Can a Capias Warrant Send You to Jail?
Published February 18, 2022
Technically, a capias warrant is a type of arrest warrant. It’s issued for the sole purpose of taking you into custody. But that does not necessarily mean you’ll have to go to prison.
Some types of capias warrants only order the arresting officers to bring you before the judge so that you can explain in person why you defied the court’s order. In certain instances, however, incarceration can be inevitable.
So is there any way for you to avoid jail time? It depends. To help you determine how to handle a capias warrant, you first need to understand what it is and what it entails.
What is a Capias Warrant?
A capias warrant is a document issued by the court that authorizes the police to arrest you and ensure that you show up on your scheduled court date or perform your legal obligations.
In Latin, the term “capias” means “to seize”. But it’s important to note that this type of warrant is issued specifically to arrest a person. It does not allow nor can it be used to seize properties or search someone’s properties to gather evidence. More importantly, when someone is sent to jail via a capias warrant, they usually won’t be allowed to post bail.
When is a Capias Warrant Issued?
There are several instances that can prompt a judge to issue a capias warrant. The most common ones are:
1. When You Miss a Court Date
Whether you’re appearing in court for a traffic ticket or has been subpoenaed as a witness, missing a court date will give the court a reason to issue a capias warrant.
2. When a Defendant Skips Bail
If you are released on bail, that doesn’t mean you’re free to go. You are still required to attend court hearings and stay within the state until a verdict is reached. But if you decide to do neither of those, the court can issue a capias warrant against you.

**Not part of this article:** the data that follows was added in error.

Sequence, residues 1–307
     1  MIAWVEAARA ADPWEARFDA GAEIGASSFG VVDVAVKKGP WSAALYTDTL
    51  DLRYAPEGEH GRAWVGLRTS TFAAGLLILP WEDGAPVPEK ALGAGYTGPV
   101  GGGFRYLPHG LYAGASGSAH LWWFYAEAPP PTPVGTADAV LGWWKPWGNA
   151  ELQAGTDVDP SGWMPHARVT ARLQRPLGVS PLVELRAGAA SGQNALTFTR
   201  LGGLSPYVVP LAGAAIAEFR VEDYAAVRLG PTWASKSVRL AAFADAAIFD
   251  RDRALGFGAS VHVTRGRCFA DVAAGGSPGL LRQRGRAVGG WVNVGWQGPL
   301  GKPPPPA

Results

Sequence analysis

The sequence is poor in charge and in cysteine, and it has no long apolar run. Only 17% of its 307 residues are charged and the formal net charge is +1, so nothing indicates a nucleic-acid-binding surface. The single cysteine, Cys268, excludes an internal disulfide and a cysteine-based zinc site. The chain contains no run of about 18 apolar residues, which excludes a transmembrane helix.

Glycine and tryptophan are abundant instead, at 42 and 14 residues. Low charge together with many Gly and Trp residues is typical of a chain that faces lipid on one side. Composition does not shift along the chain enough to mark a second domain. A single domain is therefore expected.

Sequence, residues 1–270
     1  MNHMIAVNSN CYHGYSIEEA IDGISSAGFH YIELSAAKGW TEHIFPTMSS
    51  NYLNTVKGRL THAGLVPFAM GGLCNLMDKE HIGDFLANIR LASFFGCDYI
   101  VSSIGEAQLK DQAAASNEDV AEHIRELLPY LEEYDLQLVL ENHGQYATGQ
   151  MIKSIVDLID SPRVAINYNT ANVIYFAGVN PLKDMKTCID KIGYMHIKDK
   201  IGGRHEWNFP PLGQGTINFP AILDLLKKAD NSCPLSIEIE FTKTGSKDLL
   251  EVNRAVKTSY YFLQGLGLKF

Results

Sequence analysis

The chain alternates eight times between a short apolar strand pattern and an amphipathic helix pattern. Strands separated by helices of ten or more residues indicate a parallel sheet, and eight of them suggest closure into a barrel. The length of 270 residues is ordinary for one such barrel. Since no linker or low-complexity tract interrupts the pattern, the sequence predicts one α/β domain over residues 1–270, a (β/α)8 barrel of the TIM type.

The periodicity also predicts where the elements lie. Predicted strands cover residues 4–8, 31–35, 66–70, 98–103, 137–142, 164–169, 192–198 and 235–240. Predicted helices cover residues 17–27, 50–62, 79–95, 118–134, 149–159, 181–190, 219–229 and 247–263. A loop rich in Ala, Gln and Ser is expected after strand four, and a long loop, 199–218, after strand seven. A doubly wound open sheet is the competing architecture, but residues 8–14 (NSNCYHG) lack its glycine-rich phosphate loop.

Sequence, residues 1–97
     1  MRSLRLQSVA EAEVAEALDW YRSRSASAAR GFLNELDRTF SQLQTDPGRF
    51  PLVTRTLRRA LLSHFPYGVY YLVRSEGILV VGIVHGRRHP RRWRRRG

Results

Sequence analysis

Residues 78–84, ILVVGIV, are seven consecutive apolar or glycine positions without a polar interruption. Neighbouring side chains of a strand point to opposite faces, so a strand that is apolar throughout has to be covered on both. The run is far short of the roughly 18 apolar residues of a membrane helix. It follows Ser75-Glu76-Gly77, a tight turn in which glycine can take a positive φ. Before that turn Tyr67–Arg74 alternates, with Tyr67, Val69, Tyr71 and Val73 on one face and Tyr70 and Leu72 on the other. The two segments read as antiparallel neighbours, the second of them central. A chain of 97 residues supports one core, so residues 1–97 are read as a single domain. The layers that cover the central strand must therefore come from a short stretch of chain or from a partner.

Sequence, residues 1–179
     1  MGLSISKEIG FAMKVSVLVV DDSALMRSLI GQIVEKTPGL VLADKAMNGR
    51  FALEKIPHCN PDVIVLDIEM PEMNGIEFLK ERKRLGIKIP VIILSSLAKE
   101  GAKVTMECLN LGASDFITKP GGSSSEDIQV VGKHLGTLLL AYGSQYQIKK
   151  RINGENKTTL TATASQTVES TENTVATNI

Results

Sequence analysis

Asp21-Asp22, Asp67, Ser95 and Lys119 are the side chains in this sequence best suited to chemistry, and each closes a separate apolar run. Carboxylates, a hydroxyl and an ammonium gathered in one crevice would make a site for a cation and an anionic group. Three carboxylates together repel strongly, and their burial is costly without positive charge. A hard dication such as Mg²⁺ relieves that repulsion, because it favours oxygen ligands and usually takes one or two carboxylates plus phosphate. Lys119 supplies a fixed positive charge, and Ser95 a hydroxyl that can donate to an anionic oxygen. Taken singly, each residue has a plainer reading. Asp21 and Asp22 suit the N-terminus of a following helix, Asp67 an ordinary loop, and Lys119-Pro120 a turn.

3. If a Defendant Fails to Pay the Required Restitution
Failing to pay a court-ordered penalty or restitution within the specified time frame will also give the court enough reason to issue a capias warrant against you. This is most common in child support cases.
Types of Capias Warrants
Since capias warrants are issued for various purposes, they come in several types too:
Capias pro fine
A capias pro fine warrant is the type of warrant that doesn’t necessarily entail jail time. It’s typically issued when a defendant fails to pay a court-ordered fine or penalty.
In most cases, recipients of capias pro fine warrants aren’t taken directly to jail. Instead, they are brought before the court that ordered the fine or penalty. They must explain or show cause why they weren’t able to fulfill their obligation.
If they cannot present a valid reason, then they need to pay their obligation in full. Otherwise, they will have to be detained in jail until such obligation is settled.
For instance, let’s say you have an unpaid traffic ticket of $10,000. Since the amount is quite huge, the court allowed you to make installment payments. But you defaulted and the court issued a capias warrant to bring you before them and explain your side. If you can’t convince them that you have a valid reason for not paying the monthly installments, then you need to pay your traffic ticket. If you can’t raise the necessary amount, then you’ll have to spend time in jail until the matter is resolved.
Alias capias warrant
In a nutshell, an alias capias warrant is issued when a defendant missed a court date for a felony. This usually happens when the defendant is out on bail.